OPEC is putting too much pressure on oil, market experts say. It's time to let it float, and the market will balance the price itself.
China is one of the largest importers of crude oil in the world, but due to the coronavirus epidemic, market participants are afraid that this fact may slow down the growth of the world economy and bring down oil quotations. To date, a serious problem has arisen in the demand for aviation fuel because of the reduction of air traffic in China.
OPEC has quite predictably held a meeting in Vienna to discuss the need for even greater reductions in oil production in the coming months. Each time, they are more and more engaged in manual management of production quotas. Previously, OPEC and other major oil-producing countries agreed to reduce daily production due to excess reserves in the States and fear of trade wars, now due to coronavirus.
Also, there is a growing interference in the market by Opec+. Yes, this mechanism is good at supporting the price of oil and is increasingly being resorted to, but on the other hand, a market system that requires frequent outside interference is not sustainable. Soon it will be necessary for OPEC+ to loosen the reins and let oil float.
The first step is to let go of the oil prices, there is no other way. Black gold has lately been worse than other assets, confirming market concerns and is also recovers worse. But there is another side of the coin - acceleration of growth of the world economy due to a sharp drop in oil prices. An extreme example of this effect of oil on the world economy is the speedup of growth in 2017, after the extreme lows in early 2016. Today, this is what the world needs as much as the OPEC+ countries.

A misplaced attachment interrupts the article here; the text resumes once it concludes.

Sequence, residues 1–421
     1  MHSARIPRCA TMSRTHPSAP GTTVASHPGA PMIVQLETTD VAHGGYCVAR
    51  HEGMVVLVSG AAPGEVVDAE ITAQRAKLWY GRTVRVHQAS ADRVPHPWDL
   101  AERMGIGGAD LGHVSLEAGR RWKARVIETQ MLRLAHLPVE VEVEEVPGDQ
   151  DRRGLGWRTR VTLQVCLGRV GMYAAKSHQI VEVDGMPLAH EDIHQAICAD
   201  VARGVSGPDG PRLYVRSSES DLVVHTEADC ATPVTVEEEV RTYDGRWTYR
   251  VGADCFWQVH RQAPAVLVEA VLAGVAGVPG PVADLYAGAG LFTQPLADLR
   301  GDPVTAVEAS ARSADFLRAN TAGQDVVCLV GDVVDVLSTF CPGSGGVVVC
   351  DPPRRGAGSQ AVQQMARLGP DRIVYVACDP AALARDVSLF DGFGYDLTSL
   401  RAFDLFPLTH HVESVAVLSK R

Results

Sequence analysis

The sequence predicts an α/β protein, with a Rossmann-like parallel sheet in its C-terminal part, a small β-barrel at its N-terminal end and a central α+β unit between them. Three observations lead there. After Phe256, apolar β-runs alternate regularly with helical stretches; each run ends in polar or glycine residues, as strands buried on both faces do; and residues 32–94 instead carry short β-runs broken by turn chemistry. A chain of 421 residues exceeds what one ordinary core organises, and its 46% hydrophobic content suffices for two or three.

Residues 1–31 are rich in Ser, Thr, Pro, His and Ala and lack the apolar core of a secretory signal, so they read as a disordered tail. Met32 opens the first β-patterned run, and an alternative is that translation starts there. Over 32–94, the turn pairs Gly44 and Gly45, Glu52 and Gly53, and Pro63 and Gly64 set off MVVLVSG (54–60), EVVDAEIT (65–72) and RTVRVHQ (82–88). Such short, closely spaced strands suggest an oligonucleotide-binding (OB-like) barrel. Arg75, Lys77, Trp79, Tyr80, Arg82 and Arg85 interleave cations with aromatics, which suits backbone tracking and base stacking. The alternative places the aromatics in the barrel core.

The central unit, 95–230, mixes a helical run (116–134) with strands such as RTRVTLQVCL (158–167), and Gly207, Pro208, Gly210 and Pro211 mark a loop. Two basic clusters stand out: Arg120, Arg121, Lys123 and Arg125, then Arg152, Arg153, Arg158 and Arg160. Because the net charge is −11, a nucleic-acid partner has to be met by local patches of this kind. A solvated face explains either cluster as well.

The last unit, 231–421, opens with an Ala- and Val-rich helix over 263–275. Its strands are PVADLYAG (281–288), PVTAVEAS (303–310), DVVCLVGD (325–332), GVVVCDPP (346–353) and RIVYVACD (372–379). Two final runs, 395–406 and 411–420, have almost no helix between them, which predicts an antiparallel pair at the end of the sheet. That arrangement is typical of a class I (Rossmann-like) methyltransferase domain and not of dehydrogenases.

There are now reports from various information sources that negotiations between OPEC members and their allies have been delayed for 3 days due to differences of opinion between Saudi Arabia and Russia on how the Asian coronavirus affects the global oil demand.
According to delegates, the results of the meeting have not yet succeeded in breaking Russia's reluctance to make new oil cuts. Saudi Arabia is pushing the cartel to reduce daily oil production, as the new virus affects the demand for oil in China. Therefore, on expectations that the coronavirus will hit the world's largest importer in terms of oil demand and consumption, oil quotations decreased significantly, which made Saudi Arabia advocate for taking urgent measures. Negotiations in Vienna gave the market hope that the reduction of production may soften the blow to the black gold, as a result of which oil prices rose slightly. Brent rose by 2.2% as of 12:20 after a 2.5% growth in the previous session.
It is difficult to determine the real impact of the virus on oil prices, which makes it difficult for the cartel to agree on the decision. OPEC's internal analysis predicts a weak impact, but sources from outside say it will be the biggest blow to consumption since the 2008 crisis.